Dehydrated Dog Food Roundup

This one will work a little differently than the canned food, because there aren’t a lot of dehydrated foods out there. So I’m just listing everything that I know of. Again, please let me know if you see a brand that isn’t represented. As with all food, you really want to watch the nutrition labels. I’ve seen some astronomical fat percentages out there. Some dogs need that, but others really don’t. All of these foods are certainly not created equally, and you should make sure any of them meet your standards.

Dried foods come in a couple of forms. The traditional two are an almost powder, like The Honest Kitchen, and a patty, like Stella and Chewys. You rehydrate the powdery ones into the consistency of a thin canned food. I personally have found the water recommendations too high in the ones we’ve used, so watch the “One pound yields…” claims from the box. Water is heavy. The patties usually say they can be served rehydrated or dry, although I wouldn’t personally feed them dry except as a food topping. Some of the newer foods are supposed to reconstitute like a chunky canned food–SoJos is an example. I’ve heard about some very uneven rehydrating on these, so you might want to be careful. Make sure that any chunks are soft enough for your dog to chew.

If you have a large dog and a normal budget, most of these will be too expensive to feed exclusively. Very roughly speaking, dehydrated food is somewhat cheaper than canned food, depending on brand. There is some variety, though, and you may be able to score a deal. The Honest Kitchen, I know, runs a box-top redemption program and mails out coupons. My local store includes most dehydrated foods in their buy ten/get one free program. Some of the online stores give discounts if you schedule shipments.

For me, the beauty of the dehydrated food isn’t in everyday feeding, though. I feel like everybody who feeds raw should have a box of dehydrated/freeze dried food around. Most boarding kennels or vets won’t feed raw. As I’ve mentioned before, it’s great to have around in case the electricity goes out, or if you need to travel. Or, you know, if you forget to defrost the dinner. The powdered dehydrated foods are also much less bulky than the same quantity of kibble or (especially) canned food. Some of them are fantastically delicious, great for tempting appetites.

I’m sorting these by brand, with the protein sources and grains listed. If nothing is listed, it’s because the food is a single protein included in the product name. That is, the “Chicken” variety contains only chicken. This list is a mix of both freeze dried and dehydrated foods. While there are differences, the division is too ambiguous to merit separate lists.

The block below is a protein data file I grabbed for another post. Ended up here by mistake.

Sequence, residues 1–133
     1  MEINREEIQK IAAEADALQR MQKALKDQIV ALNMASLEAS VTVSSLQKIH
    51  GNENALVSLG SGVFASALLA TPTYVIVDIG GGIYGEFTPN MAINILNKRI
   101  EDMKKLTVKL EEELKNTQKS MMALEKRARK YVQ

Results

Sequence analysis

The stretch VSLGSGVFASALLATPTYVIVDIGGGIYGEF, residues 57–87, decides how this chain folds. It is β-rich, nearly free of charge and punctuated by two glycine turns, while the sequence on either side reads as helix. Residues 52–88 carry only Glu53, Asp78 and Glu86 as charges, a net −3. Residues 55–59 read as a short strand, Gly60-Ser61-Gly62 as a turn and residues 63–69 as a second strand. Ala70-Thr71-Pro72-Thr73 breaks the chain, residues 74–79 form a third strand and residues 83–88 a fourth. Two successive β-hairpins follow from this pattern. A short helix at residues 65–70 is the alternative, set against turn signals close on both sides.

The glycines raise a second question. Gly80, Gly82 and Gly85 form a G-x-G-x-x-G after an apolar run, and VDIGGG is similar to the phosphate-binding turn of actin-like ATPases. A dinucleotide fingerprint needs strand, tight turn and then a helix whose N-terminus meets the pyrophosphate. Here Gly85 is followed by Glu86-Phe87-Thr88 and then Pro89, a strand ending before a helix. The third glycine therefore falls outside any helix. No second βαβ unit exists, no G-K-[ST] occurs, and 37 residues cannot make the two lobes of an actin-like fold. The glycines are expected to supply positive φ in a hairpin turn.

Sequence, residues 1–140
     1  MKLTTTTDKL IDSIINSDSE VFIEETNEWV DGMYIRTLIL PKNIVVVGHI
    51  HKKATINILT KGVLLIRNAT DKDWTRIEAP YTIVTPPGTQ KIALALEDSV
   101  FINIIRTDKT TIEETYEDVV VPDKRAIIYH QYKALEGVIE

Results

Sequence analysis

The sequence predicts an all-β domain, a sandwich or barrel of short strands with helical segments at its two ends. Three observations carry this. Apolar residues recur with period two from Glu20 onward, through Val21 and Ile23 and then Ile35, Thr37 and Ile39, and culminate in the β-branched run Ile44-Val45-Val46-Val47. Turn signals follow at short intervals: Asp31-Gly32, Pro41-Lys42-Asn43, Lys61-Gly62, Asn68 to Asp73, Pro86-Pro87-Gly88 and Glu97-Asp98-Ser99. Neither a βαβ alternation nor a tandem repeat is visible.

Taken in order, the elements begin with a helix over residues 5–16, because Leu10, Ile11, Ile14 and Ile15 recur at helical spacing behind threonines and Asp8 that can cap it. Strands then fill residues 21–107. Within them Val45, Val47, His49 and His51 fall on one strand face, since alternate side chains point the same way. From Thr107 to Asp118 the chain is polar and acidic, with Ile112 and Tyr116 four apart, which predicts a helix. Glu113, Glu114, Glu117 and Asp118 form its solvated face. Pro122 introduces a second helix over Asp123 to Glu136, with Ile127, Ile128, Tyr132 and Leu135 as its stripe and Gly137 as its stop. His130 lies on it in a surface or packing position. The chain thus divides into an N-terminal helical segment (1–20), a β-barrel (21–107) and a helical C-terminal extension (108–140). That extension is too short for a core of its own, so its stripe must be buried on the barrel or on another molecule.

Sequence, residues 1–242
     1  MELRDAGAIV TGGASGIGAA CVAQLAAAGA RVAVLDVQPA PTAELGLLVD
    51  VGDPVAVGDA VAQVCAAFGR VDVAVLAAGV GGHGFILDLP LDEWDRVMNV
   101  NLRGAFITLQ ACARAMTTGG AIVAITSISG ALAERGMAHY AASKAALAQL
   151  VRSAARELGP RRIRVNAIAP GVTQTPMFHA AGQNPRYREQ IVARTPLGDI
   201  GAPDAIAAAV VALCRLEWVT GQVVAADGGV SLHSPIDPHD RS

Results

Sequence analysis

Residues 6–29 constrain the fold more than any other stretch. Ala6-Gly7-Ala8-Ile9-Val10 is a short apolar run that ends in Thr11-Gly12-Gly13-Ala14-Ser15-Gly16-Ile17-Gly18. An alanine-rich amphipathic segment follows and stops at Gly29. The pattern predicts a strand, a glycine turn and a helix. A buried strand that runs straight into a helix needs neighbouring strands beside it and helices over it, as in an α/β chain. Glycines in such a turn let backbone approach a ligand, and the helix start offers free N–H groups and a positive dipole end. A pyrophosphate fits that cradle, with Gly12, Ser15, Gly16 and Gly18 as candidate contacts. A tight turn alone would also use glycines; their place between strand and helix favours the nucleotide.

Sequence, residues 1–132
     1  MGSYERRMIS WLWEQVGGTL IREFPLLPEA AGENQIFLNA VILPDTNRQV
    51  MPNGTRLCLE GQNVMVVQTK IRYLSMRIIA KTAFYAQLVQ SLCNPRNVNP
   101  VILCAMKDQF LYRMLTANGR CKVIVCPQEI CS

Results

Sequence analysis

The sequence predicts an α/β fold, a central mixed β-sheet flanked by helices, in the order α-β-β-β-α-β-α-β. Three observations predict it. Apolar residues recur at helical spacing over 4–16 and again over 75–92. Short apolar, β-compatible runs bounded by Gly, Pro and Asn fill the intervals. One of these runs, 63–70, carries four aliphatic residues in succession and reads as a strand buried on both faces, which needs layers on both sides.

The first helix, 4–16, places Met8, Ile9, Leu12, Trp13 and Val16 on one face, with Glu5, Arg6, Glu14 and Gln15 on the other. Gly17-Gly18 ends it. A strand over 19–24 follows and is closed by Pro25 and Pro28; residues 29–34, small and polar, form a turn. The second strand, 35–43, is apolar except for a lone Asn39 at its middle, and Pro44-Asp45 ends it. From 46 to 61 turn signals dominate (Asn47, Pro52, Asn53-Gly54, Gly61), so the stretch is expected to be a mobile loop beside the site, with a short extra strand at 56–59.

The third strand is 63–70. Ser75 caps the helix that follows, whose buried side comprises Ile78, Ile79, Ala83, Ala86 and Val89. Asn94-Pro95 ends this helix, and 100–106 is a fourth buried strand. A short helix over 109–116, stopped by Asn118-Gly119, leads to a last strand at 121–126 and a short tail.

Addiction Dehydrated
Perfect Summer Brushtail. New Zealand Brushtail.
Outback Kangaroo Feast
New Zealand Forest Delicacies. Brushtail, venison, oats.
Steakhouse Beef and Zucchini
Homestyle Venison and Cranberry. Oats.
Fig’licious Venison Feast
Herbed Lamb and Potatoes
Country Chicken and Apricot
Nutri-Rx Allergy-HS. Soy

D.N.A. Dried-N-Alive
Chicken. Chicken, egg, salmon oil.
Lamb. Lamb, eggs.
Venison and Salmon. Venison, salmon, egg.
Beef. Beef, egg, salmon oil.

Grandma Lucy’s Freeze Dried. All grain free and single protein.
Artisan Chicken
Artisan Lamb
Artisan Venison
Artisan Pork
Artisan Bison
Artisan pre-mix. No meat; for supplementing a raw diet.
Pureformance Chicken
Pureformance Lamb
Pureformance Rabbit

The Honest Kitchen Dehydrated
Love. Beef
Zeal. Haddock, whiting, salmon, egg.
Embark. Turkey, eggs.
Force. Chicken.
Keen. Turkey, oats.
Thrive. Chicken, quinoa.
Verve. Beef, oats, rye, eggs.
Preference. Grain free, meat free supplement/diet base.

I and Love and You
In the Raw Beef Recipe. Beef, eggs.
In the Raw Turkey Recipe. Turkey, eggs.
In the Raw Chicken Recipe. Chicken, eggs, oats, rye, and barley.
Power Pucks Beef. Beef, herring oil.
Power Pucks Chicken. Chicken, herring oil.

K9 Naturals Freeze-Dried
Beef Feast. Beef, eggs, green lipped mussels.
Lamb Feast. Lamb, eggs, green lipped mussels.
Venison Feast. Venison, eggs, green lipped mussels.
Lamb Green Tripe. 100% tripe.

Nature’s Variety Instinct Freeze Dried Raw. Grain free.
Chicken. Chicken and turkey.

NRG All Natural